Analysis / Op-ed / Human Interest
The Bibi-Lieberman deal: A wake-up call to the world about Israel, Larry Derfner
By unifying himself and the country’s ruling party with an internationally despised neo-fascist, Netanyahu has brought Israel a sizable step closer to the limits of Western tolerance. Ultimately, that’s good news.
On its front page today, the Washington Post has a personality profile of Sheldon Adelson
that follows the money, and dispenses with the usual horse-manure that Adelson thinks Romney will be better on labor issues in his casinos. Nope, it’s all about Israel, and they cut the deal last spring. Just what we’ve been saying. Here’s the lead, by Marc Fisher: When casino magnate Sheldon Adelson
switched his support from Newt Gingrich to Mitt Romney
during the spring primaries, the billionaire and the candidate were eager to shed their skepticism of each other. If Adelson was going to give a political campaign more money than anyone ever had,he wanted to be certain Romney would join him in steadfast support of Israel. And Romney, according to friends of both, sought assurance that Adelson wouldn’t embarrass him.
An official Israeli acknowledgement of what happened in Gaza
“After Hamas won a clear majority, Washington sought to train Fatah forces to crush it militarily in the Gaza Strip. But Hamas pre-empted this scheme by taking control of Gaza in 2007…” The US is yet to admit its criminal, anti-democratic role.
In recent weeks the Palestinian territories have witnessed a wave of demonstrations by citizens demanding better living conditions. The worsening economic crisis has had a serious impact on the lives of Palestinian families and society in terms of health, education, food security and social welfare. Economic analysts acknowledge that Israel’s economic policies during its decades-long occupation have resulted in its near total dominance of the means of Palestinian economic production. Evidence of Israel’s control of the most important facets of the Palestinian economy and its resources has been especially illustrated by restrictions on the movement of workers and the import-export market, as well as access to water resources. The Oslo Accords and subsequent economic agreements facilitated Israel’s complete control of the Palestinian economy. This has led the Palestinian Authority (PA), established in 1994, to fall into the trap of accepting conditional international aid. Its performance and continuity has become dependent on such aid, from which ordinary Palestinians in the West Bank and Gaza benefit little.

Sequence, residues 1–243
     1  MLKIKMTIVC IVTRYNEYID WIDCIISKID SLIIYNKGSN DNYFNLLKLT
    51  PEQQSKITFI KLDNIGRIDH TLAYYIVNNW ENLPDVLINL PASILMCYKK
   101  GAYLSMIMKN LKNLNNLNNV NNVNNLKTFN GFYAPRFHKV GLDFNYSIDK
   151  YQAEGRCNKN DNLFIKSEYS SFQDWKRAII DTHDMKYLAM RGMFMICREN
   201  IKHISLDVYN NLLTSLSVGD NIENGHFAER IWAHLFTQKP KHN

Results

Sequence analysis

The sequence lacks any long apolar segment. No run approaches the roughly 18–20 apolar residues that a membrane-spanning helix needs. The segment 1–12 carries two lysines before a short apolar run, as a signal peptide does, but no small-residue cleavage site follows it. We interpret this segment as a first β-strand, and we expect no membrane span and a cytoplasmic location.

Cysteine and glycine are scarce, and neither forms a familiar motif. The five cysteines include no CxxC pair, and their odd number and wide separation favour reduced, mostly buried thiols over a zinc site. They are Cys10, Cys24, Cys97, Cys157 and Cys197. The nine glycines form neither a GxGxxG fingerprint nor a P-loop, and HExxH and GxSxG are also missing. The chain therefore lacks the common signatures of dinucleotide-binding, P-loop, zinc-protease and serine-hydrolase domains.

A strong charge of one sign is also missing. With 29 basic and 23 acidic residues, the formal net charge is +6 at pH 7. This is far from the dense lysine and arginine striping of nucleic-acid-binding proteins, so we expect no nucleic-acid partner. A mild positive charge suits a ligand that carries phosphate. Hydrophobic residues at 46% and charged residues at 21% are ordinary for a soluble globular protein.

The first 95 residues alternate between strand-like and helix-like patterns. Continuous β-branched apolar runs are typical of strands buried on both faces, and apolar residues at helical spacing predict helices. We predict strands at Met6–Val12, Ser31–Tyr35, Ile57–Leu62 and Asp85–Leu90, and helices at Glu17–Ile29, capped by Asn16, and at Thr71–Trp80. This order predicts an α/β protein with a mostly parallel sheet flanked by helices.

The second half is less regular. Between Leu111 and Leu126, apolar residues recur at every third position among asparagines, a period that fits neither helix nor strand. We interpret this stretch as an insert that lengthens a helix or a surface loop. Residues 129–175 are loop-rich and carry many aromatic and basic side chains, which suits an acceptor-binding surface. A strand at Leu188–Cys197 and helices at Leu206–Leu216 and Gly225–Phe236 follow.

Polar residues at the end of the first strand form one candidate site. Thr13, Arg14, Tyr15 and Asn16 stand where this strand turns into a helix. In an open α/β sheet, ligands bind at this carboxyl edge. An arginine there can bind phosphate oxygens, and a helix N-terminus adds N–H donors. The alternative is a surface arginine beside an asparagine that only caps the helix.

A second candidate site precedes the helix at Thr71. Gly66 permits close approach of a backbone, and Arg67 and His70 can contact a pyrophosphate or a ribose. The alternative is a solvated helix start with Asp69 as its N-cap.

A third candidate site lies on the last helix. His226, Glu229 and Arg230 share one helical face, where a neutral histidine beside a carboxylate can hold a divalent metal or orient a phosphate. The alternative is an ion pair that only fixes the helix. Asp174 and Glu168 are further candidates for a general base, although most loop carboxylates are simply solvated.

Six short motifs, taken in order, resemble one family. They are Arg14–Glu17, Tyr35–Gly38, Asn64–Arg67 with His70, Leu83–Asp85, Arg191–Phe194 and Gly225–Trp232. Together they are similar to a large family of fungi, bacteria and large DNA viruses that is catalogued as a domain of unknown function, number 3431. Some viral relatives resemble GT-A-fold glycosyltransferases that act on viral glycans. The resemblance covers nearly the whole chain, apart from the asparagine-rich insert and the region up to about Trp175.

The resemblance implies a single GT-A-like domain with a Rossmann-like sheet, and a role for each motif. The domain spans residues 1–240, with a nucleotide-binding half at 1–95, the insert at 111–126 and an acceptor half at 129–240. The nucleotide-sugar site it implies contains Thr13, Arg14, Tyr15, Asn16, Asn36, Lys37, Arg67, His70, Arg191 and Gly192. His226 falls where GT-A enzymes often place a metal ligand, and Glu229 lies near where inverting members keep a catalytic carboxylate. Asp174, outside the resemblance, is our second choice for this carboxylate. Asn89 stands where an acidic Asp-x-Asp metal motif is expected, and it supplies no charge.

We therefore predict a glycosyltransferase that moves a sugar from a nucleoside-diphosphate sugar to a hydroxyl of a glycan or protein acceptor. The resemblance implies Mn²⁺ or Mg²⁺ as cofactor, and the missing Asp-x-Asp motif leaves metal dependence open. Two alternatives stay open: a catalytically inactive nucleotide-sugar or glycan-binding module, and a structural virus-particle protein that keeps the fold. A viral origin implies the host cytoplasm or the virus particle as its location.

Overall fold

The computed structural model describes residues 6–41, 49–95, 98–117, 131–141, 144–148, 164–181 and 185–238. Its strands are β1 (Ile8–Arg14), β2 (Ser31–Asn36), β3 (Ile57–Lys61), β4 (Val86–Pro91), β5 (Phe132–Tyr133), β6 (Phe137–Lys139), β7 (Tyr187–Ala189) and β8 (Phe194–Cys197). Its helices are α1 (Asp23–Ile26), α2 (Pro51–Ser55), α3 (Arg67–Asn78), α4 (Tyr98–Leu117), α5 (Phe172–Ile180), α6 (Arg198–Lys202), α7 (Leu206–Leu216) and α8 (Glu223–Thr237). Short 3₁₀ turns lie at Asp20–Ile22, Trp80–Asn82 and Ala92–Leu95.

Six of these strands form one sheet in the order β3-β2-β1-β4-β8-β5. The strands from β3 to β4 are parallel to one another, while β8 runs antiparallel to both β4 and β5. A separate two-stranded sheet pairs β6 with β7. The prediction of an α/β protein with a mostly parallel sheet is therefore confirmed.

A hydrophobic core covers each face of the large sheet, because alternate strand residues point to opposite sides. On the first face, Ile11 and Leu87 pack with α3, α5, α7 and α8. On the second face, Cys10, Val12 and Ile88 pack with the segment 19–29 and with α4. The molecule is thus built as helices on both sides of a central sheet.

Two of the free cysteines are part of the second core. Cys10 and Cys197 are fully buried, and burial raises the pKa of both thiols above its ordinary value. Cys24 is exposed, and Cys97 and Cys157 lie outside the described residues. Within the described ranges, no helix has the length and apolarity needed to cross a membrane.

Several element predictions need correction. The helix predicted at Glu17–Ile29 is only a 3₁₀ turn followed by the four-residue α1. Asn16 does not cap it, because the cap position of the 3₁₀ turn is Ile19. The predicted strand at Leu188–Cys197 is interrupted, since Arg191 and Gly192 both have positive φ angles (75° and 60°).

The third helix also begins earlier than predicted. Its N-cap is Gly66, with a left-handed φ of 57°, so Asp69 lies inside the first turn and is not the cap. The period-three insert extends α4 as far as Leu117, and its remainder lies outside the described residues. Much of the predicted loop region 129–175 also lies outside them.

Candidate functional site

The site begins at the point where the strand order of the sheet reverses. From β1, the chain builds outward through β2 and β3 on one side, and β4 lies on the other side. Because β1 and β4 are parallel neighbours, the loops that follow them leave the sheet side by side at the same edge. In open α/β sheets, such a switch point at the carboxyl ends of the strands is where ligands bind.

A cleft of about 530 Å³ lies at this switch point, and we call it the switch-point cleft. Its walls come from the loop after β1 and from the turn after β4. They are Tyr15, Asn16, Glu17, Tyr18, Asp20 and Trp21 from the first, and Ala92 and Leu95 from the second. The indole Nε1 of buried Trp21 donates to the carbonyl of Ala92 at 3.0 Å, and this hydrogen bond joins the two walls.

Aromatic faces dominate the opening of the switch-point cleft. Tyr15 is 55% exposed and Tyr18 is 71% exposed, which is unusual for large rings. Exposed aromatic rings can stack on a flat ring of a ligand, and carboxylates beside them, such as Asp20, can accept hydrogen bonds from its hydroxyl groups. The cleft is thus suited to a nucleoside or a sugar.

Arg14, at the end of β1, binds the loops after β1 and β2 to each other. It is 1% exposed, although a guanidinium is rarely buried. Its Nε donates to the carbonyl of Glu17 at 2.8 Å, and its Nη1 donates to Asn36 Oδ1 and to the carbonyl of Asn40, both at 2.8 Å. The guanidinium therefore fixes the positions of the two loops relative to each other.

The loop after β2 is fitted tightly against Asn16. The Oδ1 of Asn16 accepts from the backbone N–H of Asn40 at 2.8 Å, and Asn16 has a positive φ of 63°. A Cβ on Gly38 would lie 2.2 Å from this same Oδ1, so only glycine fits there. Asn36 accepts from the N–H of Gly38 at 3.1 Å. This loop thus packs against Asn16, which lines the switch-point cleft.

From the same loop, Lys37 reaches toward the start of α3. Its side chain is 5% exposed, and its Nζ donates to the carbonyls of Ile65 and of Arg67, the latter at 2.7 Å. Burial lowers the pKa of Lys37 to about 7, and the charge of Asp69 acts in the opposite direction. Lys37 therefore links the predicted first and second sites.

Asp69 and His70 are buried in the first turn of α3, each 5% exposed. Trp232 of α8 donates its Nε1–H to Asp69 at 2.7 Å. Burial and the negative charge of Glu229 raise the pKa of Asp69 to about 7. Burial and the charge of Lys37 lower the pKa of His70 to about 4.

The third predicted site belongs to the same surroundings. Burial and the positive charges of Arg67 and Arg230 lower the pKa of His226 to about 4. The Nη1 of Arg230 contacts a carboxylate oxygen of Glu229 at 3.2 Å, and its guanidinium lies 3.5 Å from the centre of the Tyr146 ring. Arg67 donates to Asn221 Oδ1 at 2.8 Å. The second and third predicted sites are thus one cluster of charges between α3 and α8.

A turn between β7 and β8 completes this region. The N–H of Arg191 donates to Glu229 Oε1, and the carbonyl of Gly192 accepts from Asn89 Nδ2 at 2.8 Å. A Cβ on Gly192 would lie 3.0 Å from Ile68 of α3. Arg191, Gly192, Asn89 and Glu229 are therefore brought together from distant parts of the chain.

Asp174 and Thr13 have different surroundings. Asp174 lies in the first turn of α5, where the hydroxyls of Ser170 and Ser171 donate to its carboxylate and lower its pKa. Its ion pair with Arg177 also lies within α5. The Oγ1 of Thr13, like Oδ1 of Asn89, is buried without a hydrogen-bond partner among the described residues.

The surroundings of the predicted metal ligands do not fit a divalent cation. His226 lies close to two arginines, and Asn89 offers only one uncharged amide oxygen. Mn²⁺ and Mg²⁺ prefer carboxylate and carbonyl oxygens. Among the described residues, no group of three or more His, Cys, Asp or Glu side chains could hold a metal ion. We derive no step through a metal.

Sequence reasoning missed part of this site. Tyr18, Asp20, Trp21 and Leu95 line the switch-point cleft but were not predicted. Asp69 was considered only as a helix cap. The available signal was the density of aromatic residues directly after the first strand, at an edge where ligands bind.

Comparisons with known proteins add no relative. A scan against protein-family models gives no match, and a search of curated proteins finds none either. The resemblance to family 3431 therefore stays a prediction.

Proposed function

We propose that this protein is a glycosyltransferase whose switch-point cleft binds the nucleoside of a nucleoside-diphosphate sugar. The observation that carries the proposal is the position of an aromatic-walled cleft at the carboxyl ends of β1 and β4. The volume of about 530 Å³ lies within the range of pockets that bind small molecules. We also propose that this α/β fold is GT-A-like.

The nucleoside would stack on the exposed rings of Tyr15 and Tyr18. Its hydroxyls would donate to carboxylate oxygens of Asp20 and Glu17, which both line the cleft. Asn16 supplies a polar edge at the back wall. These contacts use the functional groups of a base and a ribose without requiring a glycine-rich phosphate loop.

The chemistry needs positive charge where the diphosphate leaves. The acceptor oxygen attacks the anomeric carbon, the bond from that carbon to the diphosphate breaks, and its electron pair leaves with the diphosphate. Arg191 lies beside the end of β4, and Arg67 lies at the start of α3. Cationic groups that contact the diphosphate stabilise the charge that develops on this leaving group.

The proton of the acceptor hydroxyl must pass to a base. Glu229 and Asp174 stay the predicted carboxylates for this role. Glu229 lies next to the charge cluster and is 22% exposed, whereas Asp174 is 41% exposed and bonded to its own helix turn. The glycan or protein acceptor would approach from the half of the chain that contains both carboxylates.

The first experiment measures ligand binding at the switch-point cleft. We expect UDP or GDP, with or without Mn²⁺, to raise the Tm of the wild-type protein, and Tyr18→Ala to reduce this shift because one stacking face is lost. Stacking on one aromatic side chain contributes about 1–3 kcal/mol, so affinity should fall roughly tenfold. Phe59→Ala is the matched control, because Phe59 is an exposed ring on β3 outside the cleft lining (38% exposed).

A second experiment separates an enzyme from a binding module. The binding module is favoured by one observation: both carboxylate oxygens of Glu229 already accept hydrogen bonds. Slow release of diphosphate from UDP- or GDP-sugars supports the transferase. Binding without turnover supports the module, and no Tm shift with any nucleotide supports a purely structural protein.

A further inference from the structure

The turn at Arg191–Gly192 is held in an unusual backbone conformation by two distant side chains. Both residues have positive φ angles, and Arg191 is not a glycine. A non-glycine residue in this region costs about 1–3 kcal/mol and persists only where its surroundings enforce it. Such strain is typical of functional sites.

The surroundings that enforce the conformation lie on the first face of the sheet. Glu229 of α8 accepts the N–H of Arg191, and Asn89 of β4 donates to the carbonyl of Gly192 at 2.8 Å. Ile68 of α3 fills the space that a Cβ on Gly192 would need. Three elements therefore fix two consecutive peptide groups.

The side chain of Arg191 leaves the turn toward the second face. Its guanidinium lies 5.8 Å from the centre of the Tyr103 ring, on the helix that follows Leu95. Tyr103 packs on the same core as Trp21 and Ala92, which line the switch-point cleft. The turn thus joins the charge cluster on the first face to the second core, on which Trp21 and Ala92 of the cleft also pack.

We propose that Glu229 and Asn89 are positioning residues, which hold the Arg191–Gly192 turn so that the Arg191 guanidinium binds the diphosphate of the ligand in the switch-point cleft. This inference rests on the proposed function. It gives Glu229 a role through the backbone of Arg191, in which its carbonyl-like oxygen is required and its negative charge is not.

Eric Yoffie, the liberal Zionist rabbi who defended the Gaza slaughter, has a chilling editorial up at Haaretz
, titled, “Heading toward an irreparable rift between U.S. Jews and Protestants,” suggesting that 15 church leaders
who have called for a congressional investigation of aid to Israel are anti-Semites. The world hates Jews and always has, so you have no standing, Yoffie is saying. You Protestants were silent during the Holocaust and again when Israel needed support in 1967 (a cakewalk started by Israel, with disastrous political results).
Why is a New York hospital being sacrificed for an Israel-backed science facility?, Terri Ginsberg
Plans for massive science campus linking an Israeli and American university in New York City moving forward, despite opposition.
Israel: The End of the Dream, Justin Raimondo
When I was very young, I thrilled to the strains of “Exodus” – the music that accompanied the popular movie depicting the Israeli fight for independence. I played it over and over, every night, falling asleep to its crashing chords of defiance and deliverance.
‘Homeland,’ Obama’s Show
The award winning TV show does little to alleviate the myths and misconceptions about Arabs and Muslims, writes author.